Double, double toil and trouble
Fire burn and cauldron bubble…
By the pricking of my thumbs,
Something wicked this way comes.
~ Macbeth, Act 4, Scene 1
If you work at a company and in an industry where Halloween is observed with an office costume party, charity masquerade ball or client entertainment event, you don’t want to get yourself or your company into a bubbling cauldron of hot water or cause double trouble by committing a fatal faux pas because of your costume choice.
It’s one thing to get wickedly creative at a party hosted by your bestie, where you’ll be among friends who will understand and forgive your unusual costume choice or momentary lapse in judgment, and quite another to represent yourself and your company, where donning a costume that is tasteful and appropriate is required. Remember, an office Halloween party is all about business.
Situations differ, of course. Just as you will tend to dress more conservatively in a Wall Street or law office, and more flamboyantly in an arts & entertainment workplace, allow the culture of your company to be your guide to your costume. As well, take into consideration the level of formality of the occasion and the dress code indicated on the invitation.
In addition to these guidelines, keep in mind that while you want to express your imagination and flair for costuming and impress your managers and coworkers, you also want to demonstrate your professionalism and ensure that your dignity is intact after the festivities end. A costume will not mask poor behavior.
What Not to Wear
- Revealing…Both women and men should avoid wearing anything revealing or suggestive. Generally, for women that means don’t come as a Playboy Bunny (I’m dating myself, but in a good way) or wear anything too low cut, short or backless. For men, that means don’t come shirtless or wear pants that are too tight or too loose or a trench coat with the appearance of having no clothing underneath (a male coworker actually attended a company party in this manner – yes it was hilarious, but not advisable in most business environments).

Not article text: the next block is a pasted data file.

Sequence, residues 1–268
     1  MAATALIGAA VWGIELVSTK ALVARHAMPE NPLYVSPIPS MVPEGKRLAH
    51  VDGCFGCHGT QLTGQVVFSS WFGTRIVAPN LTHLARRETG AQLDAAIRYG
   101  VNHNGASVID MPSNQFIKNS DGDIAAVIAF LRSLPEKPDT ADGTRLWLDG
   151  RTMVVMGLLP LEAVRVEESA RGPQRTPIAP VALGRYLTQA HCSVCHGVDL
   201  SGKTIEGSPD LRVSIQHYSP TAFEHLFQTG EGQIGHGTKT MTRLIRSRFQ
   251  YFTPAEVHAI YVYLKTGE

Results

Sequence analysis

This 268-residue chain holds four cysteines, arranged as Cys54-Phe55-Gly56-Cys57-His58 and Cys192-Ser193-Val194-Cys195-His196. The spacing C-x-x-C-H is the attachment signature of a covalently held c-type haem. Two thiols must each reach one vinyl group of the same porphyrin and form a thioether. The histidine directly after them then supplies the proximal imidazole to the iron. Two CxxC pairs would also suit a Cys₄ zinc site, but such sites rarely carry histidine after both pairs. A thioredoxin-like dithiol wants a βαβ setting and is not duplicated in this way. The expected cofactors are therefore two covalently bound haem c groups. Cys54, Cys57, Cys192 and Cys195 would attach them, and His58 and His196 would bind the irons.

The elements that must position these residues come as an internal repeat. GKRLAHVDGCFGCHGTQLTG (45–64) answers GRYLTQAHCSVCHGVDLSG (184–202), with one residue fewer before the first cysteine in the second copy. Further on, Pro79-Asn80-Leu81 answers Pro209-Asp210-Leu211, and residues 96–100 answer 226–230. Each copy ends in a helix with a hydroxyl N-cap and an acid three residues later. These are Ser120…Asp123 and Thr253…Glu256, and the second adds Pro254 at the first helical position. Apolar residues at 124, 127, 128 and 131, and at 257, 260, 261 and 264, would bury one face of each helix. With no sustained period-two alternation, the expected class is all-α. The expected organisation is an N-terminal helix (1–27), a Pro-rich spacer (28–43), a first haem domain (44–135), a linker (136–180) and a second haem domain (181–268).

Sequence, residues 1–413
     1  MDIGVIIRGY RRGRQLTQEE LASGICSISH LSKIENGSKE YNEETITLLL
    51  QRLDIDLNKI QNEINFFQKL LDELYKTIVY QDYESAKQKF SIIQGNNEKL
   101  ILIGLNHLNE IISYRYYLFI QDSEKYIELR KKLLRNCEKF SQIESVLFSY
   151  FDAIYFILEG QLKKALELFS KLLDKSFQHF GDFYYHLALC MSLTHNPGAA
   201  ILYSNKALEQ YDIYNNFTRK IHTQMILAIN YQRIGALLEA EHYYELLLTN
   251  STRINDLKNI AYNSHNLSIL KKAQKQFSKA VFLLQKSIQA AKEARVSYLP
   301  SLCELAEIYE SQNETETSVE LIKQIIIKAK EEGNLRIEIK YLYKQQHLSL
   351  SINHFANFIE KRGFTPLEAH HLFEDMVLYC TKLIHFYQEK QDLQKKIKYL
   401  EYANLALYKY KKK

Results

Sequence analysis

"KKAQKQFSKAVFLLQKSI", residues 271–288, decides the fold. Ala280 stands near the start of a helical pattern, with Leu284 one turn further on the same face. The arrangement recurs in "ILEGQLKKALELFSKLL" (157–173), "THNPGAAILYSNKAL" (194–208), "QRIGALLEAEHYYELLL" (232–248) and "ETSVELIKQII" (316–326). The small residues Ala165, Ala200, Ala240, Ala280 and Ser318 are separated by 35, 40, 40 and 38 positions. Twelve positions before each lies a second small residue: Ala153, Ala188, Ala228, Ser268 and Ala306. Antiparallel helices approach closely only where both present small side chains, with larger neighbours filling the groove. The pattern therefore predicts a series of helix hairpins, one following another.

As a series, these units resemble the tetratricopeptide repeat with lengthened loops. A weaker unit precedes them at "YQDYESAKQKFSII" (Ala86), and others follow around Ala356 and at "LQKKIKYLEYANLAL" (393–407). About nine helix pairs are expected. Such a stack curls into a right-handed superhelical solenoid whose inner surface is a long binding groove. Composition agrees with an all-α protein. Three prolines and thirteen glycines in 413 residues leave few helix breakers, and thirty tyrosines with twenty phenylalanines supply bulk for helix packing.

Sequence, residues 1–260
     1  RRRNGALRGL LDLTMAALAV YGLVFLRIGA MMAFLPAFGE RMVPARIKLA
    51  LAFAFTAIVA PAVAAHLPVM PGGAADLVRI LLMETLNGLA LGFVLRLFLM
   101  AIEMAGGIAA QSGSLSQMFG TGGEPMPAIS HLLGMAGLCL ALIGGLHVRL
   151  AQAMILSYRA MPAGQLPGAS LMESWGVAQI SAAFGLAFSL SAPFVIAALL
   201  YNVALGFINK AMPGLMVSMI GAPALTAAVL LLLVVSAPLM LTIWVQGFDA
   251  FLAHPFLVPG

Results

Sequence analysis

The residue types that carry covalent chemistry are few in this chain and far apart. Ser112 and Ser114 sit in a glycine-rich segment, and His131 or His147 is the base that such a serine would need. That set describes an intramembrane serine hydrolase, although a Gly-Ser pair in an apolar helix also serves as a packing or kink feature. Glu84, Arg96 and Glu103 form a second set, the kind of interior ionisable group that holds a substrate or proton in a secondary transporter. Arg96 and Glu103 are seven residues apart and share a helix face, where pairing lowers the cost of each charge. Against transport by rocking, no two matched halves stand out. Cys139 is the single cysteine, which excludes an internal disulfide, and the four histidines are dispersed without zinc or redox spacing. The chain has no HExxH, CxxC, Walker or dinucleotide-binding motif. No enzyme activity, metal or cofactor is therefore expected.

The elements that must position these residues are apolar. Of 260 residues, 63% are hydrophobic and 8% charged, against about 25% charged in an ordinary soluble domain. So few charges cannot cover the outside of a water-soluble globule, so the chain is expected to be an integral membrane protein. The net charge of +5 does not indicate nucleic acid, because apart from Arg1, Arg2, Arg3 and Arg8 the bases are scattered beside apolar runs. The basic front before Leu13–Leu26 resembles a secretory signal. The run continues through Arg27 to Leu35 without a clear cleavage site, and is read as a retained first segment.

- Disrespectful...Avoid costumes that are disrespectful of others. This includes ensembles that represent negative stereotypes of individuals or groups, such as women and people with ethnic, social, religious or political affiliations, or people in the news – alive or deceased. It’s fine to honor or memorialize real people in a positive fashion, but be careful not to offend anyone.
- Uninformed...Take care not to dress as a person, product or icon that is a competitor of your company – or of your clients if they are present. This is another reason to know your company and your clients.
- Undignified...Think about how you are perceived on the job and don’t play into a situation that could backfire. For example, if you’re a woman you might want to avoid “witch” or “bat” costumes because of the obvious unfortunate stereotypes. If you’re a man you might avoid dressing as a “clown” or “Wolf Man” for the same reason. It’s okay to be funny, as long you observe good taste.
For internal office parties it can be a great morale and team-building project to have a group or whole department come costumed in a theme, such the characters from a popular book, play, movie, animated film, TV show, comic strip and the like. Likewise, a team or department can come as a group of toys, such as Beanie Babies, Cabbage Patch Kids & Friends, Legos, etc.
If your company’s Halloween party involves hosting clients, if appropriate and possible it might be fun to come as your clients’ products, characters from their respective companies’ histories or a mix of icons that represent and celebrate your clients.
Campus Halloween Parties
It’s often easy to forget that your college campus is not only your home or where your friends live but also where those who are influential in your professional life also work, visit and sometimes live, such as your professors, campus employers, college president and staff members. In addition, college trustees, elected officials, parents, industry dignitaries and other important visitors can appear on your campus at any time. Therefore, the guidelines for tasteful costuming hold true for the college campus just as they do in the corporate workplace.
A wonderful way to share the fun is to arrange for a group of coworkers or students to visit local charities in costume, such as pediatric and elder care facilities, hospitals, food banks and other facilities to assist in serving meals, passing around refreshments or just visiting. Serving the community in this manner puts a great spin on the idea of treating at Halloween.
Be Wary of Being Scary
By exercising empathy, emotional intelligence, professionalism and good taste you can avoid your participation in a business or school-related Halloween party from scaring your boss, professor or principal or becoming a horror story that is repeated for years to come. So, this Halloween make sure that you’re cheered and not booed!
Until next time,